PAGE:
Music Biz Downturn Affects Everyone – Not Just Artists

by Monica | 5th April 2010

There's no biz like showbiz, even when biz is down.

This week I’m launching a sideblog here on the site.  “Letters From Oz,” will be a space for me to think, offer insights, and hopefully suggestions about the chaotic, ever-changing music business.

We all know it; the old ways of doing the music business are no longer effective.  We all worry; how does the artist… How do all of us working in the making of music the world enjoys, continue to make money?  How can the music business economy continue when people download music for free, and talented people all over the business; A&R, A&R admin, business affairs, and senior level executives are being let go?

The problem of shrinking budgets and tighter purse strings has had an affect at my level – the manager wrangling the technical people who make hit songs; recording engineers, music producers, and songwriters.  I work an extra 40% for the 70% of the revenues I generated a year ago. And I’m one of the lucky ones.  I’ve kept Milk Money lean and mean, which has enabled me to pivot when others have closed shop.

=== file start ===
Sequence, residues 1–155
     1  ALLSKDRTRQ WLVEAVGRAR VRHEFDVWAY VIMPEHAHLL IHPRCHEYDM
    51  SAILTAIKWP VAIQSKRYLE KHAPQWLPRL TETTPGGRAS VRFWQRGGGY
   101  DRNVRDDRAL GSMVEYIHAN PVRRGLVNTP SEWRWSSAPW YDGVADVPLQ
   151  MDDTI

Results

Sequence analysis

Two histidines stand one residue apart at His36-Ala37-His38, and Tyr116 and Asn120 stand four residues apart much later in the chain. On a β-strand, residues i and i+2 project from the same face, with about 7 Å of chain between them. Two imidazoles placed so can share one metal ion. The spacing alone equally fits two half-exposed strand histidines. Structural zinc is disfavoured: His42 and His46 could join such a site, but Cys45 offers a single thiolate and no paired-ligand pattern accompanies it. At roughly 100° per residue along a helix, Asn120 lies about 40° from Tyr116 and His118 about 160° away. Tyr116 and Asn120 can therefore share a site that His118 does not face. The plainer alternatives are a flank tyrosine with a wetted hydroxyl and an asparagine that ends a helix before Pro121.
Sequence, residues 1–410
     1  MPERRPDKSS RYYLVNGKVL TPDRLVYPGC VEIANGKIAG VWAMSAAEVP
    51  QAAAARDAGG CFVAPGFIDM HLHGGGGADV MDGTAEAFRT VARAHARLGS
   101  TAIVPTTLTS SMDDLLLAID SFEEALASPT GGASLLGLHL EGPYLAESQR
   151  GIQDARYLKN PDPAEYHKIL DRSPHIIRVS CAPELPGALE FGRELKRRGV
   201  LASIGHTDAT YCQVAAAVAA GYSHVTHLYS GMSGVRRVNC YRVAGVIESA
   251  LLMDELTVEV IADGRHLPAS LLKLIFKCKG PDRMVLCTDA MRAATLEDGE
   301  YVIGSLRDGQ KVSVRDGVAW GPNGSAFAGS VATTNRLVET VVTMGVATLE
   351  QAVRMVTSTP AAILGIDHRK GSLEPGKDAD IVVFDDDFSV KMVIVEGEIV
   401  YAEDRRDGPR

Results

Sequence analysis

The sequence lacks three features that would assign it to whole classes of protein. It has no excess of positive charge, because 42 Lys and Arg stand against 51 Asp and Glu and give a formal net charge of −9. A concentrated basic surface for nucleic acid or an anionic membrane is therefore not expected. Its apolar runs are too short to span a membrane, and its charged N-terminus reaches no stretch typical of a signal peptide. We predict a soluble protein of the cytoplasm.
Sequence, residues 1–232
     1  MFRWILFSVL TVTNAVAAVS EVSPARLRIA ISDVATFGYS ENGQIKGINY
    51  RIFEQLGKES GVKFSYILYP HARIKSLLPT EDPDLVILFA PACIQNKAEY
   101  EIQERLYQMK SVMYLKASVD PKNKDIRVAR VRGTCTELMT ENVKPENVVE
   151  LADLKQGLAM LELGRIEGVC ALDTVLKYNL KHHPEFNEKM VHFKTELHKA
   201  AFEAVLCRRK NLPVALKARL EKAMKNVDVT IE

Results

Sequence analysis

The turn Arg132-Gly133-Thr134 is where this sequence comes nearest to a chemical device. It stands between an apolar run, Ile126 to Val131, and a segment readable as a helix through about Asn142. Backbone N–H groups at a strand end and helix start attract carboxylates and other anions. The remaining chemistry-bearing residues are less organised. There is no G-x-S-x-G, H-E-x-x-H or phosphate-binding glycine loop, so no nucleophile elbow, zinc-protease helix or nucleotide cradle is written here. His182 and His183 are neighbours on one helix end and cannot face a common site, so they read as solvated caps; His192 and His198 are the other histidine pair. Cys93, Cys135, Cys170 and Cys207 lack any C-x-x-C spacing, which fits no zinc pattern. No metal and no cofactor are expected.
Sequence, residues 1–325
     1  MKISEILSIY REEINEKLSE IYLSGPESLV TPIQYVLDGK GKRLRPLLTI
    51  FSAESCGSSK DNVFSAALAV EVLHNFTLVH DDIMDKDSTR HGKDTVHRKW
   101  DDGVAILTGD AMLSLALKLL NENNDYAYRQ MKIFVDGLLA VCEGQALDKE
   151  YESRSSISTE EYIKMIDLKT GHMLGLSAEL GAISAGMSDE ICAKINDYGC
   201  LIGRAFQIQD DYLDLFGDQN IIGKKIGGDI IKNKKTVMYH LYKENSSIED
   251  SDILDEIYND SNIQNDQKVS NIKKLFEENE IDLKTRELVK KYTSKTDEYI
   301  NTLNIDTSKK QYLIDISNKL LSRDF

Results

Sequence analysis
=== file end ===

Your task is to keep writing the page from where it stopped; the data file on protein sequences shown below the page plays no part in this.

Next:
There are now more independents, people not affiliated with record labels, than ever before who have been able to take advantage of computers and software which have lowered the barriers to entry to an exclusive and very closed knit industry.  And this has had an equalizing affect.  The high-end producers and engineers can’t work for the big dollar projects exclusively anymore.  If producers want to stay working, they have to be flexible enough to work for $10,000 to $15,000/song, rather than $50,000/song.

This is what I see.  Business still has to function, and people have to be willing and able to take risks – that is the key to keeping our industry creative and alive. One of the ways I see artists being able to sell records is through co-branding; licensing a song with a particular product that gives a brand cache with its target demographic, while putting the work of artists in front of eagerly listening ears.  This kind of ingenuity is the bedrock of innovation that will keep the business healthy.

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